Before reading the book
- Predict what the story might be about by looking at the front cover only. Now look at the back cover. Does this confirm any of your suggestions? Which ones?
- Read the blurb about the author in the back of the book.
There is no way of getting away from a treasure once it fastens itself upon your mind.
Read the whole quote from Joseph Conrad on the opposite page to the map.
Here is what Elaine Forrestal said about the writing of Straggler’s Reef in a speech that she made when the book was launched in June 1999:
“That is exactly what happened to me. From the moment I saw that etching in the Rottnest Museum, the Lancier treasure fastened itself upon my mind. The picture shows a stormy sea and a tall ship, wrecked on a reef. A small rescue boat has come as close as it can to the stricken ship. In the square window of the ship’s stern cabin two men balance a large chest. Just as they try to pass it to the men in the open boat, the sea heaves and the chest falls into 40 fathoms of water.
The rest, as they say, is history. Or is it? To this day the treasure has never been recovered. There are still a number of mysteries. Who tore out the three pages of the Captain’s log book? The very pages that contained the only record of the exact position of the treasure chest. What was really in the chest? Newspaper reports at the time varied, although they all agreed that it contained silver coins. Where is the treasure now?
This is a story that would not let go of me. I tried, twice, to write it. Unsuccessfully. On the third attempt I made drastic changes to the setting and focused the action over a much shorter time span. At last, it worked. I hope you enjoy the result.”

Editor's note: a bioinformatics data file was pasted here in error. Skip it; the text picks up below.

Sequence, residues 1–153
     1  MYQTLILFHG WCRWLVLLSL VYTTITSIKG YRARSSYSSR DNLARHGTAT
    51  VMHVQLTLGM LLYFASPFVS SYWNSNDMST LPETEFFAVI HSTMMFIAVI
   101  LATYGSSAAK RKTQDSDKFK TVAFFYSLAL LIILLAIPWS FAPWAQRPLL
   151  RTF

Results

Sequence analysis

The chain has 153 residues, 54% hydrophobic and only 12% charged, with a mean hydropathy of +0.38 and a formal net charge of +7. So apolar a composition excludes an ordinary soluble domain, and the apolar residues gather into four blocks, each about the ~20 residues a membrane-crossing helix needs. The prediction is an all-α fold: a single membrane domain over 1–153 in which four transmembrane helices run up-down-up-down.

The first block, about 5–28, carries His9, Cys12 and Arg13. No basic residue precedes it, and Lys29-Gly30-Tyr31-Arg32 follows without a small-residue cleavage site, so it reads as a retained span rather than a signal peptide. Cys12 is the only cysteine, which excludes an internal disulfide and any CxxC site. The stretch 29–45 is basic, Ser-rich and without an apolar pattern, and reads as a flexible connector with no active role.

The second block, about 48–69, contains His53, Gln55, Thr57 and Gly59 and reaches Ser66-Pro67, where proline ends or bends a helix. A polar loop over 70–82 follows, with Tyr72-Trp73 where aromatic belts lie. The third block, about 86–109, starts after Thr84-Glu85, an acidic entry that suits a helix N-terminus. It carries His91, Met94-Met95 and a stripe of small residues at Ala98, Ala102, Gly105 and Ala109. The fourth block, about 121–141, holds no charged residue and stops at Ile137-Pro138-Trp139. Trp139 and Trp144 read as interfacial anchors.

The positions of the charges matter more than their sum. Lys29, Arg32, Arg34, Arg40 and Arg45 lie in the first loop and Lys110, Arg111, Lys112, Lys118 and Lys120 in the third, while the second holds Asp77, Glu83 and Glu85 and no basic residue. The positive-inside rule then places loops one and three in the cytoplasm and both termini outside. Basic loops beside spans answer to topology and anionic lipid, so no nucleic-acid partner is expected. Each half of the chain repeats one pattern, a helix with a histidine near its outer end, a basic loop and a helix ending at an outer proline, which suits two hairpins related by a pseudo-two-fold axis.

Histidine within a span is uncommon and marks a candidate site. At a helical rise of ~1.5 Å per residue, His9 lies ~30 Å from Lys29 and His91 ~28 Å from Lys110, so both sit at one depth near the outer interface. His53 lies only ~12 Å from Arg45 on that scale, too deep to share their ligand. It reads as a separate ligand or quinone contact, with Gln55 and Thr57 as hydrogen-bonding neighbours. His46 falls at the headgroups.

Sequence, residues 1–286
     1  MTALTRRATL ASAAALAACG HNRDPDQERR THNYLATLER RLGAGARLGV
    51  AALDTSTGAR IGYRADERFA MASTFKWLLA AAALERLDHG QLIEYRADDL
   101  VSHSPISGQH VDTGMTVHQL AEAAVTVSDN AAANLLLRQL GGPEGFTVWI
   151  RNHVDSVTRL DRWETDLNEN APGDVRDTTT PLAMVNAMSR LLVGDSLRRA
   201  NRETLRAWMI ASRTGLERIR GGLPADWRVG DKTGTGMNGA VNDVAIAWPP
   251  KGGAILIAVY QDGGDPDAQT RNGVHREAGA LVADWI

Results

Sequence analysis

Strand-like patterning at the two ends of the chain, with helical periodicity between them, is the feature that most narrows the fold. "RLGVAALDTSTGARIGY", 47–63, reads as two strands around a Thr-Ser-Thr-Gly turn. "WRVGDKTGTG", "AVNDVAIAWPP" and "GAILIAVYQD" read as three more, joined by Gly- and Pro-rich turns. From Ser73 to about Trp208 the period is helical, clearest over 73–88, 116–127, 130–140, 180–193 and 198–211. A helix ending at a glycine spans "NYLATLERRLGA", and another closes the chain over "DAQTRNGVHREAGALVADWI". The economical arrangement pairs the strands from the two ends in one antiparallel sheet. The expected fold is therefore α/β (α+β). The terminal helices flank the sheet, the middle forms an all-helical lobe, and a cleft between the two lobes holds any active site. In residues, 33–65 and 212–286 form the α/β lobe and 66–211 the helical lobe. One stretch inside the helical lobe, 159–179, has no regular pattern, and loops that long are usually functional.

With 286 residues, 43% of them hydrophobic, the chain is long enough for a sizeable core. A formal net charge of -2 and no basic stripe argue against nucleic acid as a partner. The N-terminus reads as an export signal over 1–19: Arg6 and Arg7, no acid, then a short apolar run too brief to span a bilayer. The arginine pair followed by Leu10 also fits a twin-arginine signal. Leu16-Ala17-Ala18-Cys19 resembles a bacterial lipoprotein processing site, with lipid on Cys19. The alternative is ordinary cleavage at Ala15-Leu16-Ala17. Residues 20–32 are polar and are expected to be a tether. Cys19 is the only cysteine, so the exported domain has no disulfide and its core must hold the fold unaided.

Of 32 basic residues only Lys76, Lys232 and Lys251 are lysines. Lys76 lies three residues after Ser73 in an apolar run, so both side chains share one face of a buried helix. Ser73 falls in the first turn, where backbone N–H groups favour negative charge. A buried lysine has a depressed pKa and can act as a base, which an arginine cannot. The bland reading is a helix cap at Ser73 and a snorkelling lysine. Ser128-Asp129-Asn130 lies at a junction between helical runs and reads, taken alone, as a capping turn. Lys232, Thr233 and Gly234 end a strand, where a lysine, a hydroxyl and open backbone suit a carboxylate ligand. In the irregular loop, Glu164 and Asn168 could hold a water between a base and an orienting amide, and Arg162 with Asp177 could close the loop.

- Look at the map which appears in the front of the book.
Take out your atlas and compare this with a map of the Western Australian coastline. Can you replace the fictitious names with real place names?
Does this map add anything to your predictions? If so, what?
Analysis and application of knowledge
- Write a description of Karri. What sort of character is she?
How does Jarrad see her? If he were to write a description of his sister, how would it compare with yours?
- Interview – in pairs:
One person pretends to be a character from the story, the other person interviews that character about the events that took place.
How did you feel when …….. ?
What did the …….. look like?
How do you feel about ……..’s actions? etc.
- Map the story itself using a: story ladder, explosion chart, feelings web.Remove Karri’s name from the centre of the feelings web and replace it with the name of one of the other characters. Write down how the new central character feels about each of the others.
- The song “Hear the Call” was written by Richard John in response to the novel Straggler’s Reef. It was performed for the first time at the launch of the book and is now available on CD from the Western Australian Maritime Museum or by contacting firstname.lastname@example.org or phoning 0419 937 088.
Hear the Call
Hear the call; the call of the waters.
The lazy rise and fall of the sea
Feel the bond? Like father and daughter …
An ancient song, which beckons to me.
‘Neath the yawl, the waves softly murmur…
A soft refrain, of promises real.
Ageless sounds, all-knowing, eternal To guide me where my heart longs to be.